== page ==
Automated test equipment (ATE). is an integral part of modern manufacturing. ATE systems are used to test products during and after production and play a vital role in quality control. These systems can be complex and often require specialized switching subsystems. Creating these subsystems can be a challenge. Organizations can build these systems in-house or work with a partner to outsource them.
First, it's important to understand the requirements of the subsystem. What types of signals will it be required to switch, such as DC, AC, RF, microwave, differential/single-ended, or optical? What is the maximum switching speed? What is the maximum voltage and current? Once the requirements are understood, it's possible to select the appropriate components.
Next, the subsystem must be designed. This step includes creating a schematic diagram and selecting the right platform. Think about the signals that will be used and the order in which they will be switched.
Finally, the subsystem must be built and tested. This step includes assembling the components and testing the subsystem to ensure it meets the requirements.
Let's discuss three important factors to consider when building a switching subsystem or outsourcing it: cost, scalability, and support. Not taking these things into account will likely have negative consequences on the longevity of your system.
Most engineers only consider the up-front cost of developing an electronic test system, evaluating only what their current budget allows. But it's important to consider the cost to build and maintain your test system over time, and which solution would be most cost-effective – to build or to buy.
Take a look at your test system requirements. Building and using your internal resources could be more cost-effective if you have significant custom needs. However, if your core competency is not test and verification systems, you may not want to waste your time, energy, and resources to develop the system.
In most cases, outsourcing and working with a partner to develop commercial off-the-shelf (COTS) products makes more sense. A partner can create a test system that best supports your price point over the system's longevity. If you need to develop multiple systems, a COTS-based solution ensures you're creating a repeatable system. COTS products are typically supported over a longer duration and are easier to replace over time.
Comparing vendors for COTS products is an important step to optimize your up-front and long-term maintenance costs. Below is an example of how Pickering's solutions compare to our most direct competitor.
Whether you want to build or buy, modularity is the key to scaling your system as your operations grow. Modularity allows you to scale rather than design a new system as your needs change. If you don't design for the future, you may have to develop another new test system for additional products.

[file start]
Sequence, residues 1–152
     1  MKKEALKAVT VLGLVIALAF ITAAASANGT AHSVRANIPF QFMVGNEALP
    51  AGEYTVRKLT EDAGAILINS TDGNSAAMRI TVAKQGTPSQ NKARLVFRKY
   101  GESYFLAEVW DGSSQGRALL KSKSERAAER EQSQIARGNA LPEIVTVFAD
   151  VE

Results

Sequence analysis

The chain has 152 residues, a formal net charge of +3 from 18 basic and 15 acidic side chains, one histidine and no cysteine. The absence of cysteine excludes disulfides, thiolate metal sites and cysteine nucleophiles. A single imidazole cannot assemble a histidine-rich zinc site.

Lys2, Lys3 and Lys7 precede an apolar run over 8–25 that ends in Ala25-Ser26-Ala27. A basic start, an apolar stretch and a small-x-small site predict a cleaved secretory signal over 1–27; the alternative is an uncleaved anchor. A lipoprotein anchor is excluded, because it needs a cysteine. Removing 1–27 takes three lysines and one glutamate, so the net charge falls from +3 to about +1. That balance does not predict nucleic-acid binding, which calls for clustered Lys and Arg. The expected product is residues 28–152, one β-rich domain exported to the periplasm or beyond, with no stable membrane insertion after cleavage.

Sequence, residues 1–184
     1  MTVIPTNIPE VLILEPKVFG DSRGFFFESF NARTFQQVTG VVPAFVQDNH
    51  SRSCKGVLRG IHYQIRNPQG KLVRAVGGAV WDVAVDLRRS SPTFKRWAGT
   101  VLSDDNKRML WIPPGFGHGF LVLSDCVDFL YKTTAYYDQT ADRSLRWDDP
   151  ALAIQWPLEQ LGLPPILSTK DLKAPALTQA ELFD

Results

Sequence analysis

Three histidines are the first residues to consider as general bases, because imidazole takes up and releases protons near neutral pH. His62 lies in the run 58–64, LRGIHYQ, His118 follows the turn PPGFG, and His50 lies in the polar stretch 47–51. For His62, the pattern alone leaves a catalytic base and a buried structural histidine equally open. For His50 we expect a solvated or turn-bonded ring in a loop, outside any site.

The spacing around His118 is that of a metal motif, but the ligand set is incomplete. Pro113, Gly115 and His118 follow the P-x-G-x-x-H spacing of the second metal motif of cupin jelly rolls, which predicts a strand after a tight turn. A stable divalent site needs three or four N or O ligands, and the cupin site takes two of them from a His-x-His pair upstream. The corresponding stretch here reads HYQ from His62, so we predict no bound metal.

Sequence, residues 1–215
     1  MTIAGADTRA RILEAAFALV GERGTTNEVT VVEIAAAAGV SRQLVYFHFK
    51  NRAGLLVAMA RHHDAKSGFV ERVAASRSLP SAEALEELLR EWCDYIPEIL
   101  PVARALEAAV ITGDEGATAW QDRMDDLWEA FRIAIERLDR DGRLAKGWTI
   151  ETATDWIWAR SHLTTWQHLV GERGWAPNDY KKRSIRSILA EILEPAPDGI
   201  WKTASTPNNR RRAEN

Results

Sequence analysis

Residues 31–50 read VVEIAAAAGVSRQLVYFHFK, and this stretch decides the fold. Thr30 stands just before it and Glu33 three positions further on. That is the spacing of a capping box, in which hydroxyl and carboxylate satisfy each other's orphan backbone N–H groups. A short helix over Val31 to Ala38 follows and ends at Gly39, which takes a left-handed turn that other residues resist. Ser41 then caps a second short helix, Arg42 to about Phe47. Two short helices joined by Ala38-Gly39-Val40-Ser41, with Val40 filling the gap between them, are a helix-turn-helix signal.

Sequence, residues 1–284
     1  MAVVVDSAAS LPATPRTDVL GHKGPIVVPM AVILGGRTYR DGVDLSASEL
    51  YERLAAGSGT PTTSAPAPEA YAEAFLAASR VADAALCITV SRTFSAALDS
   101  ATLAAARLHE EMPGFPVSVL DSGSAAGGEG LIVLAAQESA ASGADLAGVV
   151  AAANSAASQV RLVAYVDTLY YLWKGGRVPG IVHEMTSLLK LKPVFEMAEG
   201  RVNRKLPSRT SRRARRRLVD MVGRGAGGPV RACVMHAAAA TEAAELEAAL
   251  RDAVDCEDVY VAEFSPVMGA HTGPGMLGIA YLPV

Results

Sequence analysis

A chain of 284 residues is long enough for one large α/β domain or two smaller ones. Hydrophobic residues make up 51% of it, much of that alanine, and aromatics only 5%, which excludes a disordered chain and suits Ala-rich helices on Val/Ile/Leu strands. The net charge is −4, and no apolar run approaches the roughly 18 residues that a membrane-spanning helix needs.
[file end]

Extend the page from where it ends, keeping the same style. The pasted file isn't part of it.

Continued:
Consider the benefits of standardizing on a common platform such as PXI or LXI:
Custom solutions (whether built in-house or outsourced) are difficult to scale because those solutions weren't developed in additional quantities. By outsourcing and using COTS products, more of the same product can be purchased over time, thus allowing you to scale your test system easily.
Scalability Summary: In summary, scalability and designing for the future are something to consider when deciding whether to build or buy. Building a system is better if you won't be scaling in the future, while buying a COTS-based system brings benefits when your product line grows.
Encountering a problem with a test system can halt your production line or critical product testing procedures, costing time and money. Having a support team available is important whether you're building or buying.
When testing a product that will often evolve, resulting in a new test system each time, you may not need much ongoing support and can build your system in-house. But, if your product will need long-term support due to regulatory compliance demands, such as those in defense, it's beneficial to have a strong team of dedicated experts, as components can become obsolete over time.
For some industries, validating the test system is a lengthy process. And, if you choose to design in-house, oftentimes the documentation process isn't correct and validating becomes challenging. If the documentation process isn't correct, it can be difficult to support your test system in the future.
Support Summary: Planning for the future allows you to anticipate needs and be prepared when components need to be fixed or scaled. As you rebuild, a dedicated support team can be the difference between shutting down the production line temporarily or permanently.
With more than 50 years of experience in switching for automated test, we have a broad range of products and services that'll work with your budget, scalability, and support needs. And when our COTS solutions don't match your requirements, we'll work with you to plan, design, or build the full switching subsystem.
We design for:
You can scale or repurpose system components in the future as objectives or requirements change while remaining as timely and cost-efficient as possible. Our technical staff can address any hardware or software problems you may encounter. We have multiple offices worldwide and provide access to support engineers with many years of experience in functional test.